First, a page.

Windhoek — Although the number of tuberculosis (TB) cases remains high in Namibia, there has been a significant reduction by 25 percent from 2010, when 12,000 cases were reported, to 9,000 cases.
Pinehas Iipinge, the advocacy communication and social mobilisation officer of the National Tuberculosis and Leprosy Programme in the Ministry of Health and Social Services, says despite this decline the TB burden remains high.
"The country remains among the thirty high tuberculosis-burden countries in the world with more than 1,600 people estimated to have died as a result of TB in 2016," said Iipinge.
He also explained the current TB data is based more on estimates. And, to get more specific data, the health ministry last year in July embarked on a disease prevalence survey to determine the current TB burden in Namibia. The survey will end this week.
"The results from the survey will help the Government of the Republic of Namibia and its partners to better understand the TB situation in the country and develop better strategies to control it. The findings will also enable more efficient allocation of resources for TB prevention and care," added Iipinge.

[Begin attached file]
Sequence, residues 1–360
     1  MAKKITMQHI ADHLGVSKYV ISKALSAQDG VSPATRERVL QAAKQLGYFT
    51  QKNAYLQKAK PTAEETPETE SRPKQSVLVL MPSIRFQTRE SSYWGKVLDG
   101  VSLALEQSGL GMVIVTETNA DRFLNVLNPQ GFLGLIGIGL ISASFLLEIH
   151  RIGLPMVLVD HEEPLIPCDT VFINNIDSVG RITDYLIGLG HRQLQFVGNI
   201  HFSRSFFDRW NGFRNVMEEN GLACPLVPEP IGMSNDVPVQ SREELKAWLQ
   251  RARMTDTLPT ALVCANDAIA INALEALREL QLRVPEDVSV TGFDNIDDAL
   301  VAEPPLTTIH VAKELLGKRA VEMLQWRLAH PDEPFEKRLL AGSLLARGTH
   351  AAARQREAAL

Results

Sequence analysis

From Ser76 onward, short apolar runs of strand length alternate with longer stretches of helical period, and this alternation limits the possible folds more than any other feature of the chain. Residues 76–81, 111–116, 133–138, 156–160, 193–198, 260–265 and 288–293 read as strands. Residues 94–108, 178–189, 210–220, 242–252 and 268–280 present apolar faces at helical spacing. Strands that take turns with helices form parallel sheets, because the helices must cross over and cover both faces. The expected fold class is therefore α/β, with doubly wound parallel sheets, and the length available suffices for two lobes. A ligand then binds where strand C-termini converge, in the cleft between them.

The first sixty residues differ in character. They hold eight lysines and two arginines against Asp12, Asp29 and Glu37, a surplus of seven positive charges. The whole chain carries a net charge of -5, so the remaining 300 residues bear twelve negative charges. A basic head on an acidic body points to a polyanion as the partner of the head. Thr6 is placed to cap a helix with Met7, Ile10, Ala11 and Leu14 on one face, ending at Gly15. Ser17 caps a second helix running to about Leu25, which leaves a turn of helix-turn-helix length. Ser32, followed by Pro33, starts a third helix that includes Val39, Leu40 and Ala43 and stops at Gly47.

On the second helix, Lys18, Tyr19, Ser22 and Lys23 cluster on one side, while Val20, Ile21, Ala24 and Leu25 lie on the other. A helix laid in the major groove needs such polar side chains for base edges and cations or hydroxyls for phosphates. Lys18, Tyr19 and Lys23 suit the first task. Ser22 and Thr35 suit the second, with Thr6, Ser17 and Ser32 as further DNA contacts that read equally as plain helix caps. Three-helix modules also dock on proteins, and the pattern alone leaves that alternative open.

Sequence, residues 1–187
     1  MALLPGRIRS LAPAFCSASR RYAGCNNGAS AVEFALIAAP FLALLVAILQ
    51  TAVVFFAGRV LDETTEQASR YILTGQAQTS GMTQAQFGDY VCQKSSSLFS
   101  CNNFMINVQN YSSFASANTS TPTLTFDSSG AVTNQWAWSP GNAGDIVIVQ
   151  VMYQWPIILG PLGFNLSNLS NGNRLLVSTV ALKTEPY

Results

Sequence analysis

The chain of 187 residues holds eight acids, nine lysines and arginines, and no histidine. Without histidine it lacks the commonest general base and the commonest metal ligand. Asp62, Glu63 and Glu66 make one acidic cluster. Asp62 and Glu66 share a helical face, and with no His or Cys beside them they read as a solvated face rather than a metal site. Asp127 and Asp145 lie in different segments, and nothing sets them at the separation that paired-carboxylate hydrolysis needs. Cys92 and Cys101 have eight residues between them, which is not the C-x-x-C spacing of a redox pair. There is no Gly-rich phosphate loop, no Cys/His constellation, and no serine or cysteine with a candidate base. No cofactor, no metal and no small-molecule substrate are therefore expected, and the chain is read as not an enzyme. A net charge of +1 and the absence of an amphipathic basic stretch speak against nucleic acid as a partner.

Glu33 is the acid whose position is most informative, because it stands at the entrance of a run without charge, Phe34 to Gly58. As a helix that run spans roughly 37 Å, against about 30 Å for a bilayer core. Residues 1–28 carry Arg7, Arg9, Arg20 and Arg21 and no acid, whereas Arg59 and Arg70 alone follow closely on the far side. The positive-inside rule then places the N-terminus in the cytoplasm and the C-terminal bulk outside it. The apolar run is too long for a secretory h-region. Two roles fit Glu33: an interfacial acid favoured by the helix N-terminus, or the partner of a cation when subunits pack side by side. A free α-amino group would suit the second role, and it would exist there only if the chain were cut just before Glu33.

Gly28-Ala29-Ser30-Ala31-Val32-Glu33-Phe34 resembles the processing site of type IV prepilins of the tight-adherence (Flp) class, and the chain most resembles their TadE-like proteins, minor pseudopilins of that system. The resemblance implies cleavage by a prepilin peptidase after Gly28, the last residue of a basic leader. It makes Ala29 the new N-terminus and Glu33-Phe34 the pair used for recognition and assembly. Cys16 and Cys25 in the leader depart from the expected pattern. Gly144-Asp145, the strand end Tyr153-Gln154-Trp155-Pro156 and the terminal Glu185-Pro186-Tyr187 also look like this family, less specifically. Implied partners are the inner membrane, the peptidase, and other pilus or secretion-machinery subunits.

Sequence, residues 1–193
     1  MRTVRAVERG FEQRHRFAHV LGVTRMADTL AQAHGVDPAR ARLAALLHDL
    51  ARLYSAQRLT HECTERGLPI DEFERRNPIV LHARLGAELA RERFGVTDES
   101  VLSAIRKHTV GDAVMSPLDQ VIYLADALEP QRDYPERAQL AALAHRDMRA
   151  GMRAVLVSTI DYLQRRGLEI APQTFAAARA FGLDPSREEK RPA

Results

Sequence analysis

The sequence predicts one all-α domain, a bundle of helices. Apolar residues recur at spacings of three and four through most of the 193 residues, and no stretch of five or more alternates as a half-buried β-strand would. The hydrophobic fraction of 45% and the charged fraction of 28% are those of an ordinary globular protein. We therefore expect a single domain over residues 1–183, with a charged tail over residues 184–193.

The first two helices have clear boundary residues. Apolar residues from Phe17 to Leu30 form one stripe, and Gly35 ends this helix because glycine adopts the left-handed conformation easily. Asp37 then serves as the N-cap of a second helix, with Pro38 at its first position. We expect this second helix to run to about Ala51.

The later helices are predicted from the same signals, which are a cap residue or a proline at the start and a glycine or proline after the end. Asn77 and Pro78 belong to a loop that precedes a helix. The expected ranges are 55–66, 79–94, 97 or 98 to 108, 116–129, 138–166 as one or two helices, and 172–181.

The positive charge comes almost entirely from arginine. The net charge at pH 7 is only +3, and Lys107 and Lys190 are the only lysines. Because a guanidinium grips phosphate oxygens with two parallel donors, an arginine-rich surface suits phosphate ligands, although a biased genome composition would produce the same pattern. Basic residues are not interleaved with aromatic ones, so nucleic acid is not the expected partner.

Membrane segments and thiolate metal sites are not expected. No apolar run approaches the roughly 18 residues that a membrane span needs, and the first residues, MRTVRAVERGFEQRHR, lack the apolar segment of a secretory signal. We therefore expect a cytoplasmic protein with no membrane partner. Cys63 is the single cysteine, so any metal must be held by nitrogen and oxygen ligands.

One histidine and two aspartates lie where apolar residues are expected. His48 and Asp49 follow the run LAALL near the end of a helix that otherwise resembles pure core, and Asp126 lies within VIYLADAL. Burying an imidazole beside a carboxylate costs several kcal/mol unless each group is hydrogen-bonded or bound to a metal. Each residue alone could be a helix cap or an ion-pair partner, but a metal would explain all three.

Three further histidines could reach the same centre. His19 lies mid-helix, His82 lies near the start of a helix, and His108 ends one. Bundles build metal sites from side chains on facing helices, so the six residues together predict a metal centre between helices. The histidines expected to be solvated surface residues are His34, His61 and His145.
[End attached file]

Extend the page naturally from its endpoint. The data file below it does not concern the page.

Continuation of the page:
The survey was carried out in 68 clusters. The clusters were selected out of 4,129 clusters in a manner that it is statistically representative of the whole country, Iipinge explained.
"The survey was designed to screen 34,000 people aged 15 years and above for TB. People aged above 15 were chosen because they can easily understand instructions and cough up a sputum sample for testing if they are asked to. We thank the community for participating in the survey."
Meanwhile, March 24 is World TB Day and in Namibia the day will be observed on March 28 at the Katutura Youth Sport Complex. The theme for the World TB Day commemorations is "Wanted: Leaders for a TB-free World."
The campaign targets the general population, said Iipinge.
"For Namibia, this is the opportunity to call for commitment from all leaders around the country to show commitment towards ending TB."
Read the original article on New Era.
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